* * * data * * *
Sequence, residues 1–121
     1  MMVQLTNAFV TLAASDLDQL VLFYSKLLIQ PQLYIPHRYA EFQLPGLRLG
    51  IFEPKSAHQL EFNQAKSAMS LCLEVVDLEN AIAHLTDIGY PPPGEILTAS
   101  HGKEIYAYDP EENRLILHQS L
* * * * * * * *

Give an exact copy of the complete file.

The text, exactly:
Sequence, residues 1–121
     1  MMVQLTNAFV TLAASDLDQL VLFYSKLLIQ PQLYIPHRYA EFQLPGLRLG
    51  IFEPKSAHQL EFNQAKSAMS LCLEVVDLEN AIAHLTDIGY PPPGEILTAS
   101  HGKEIYAYDP EENRLILHQS L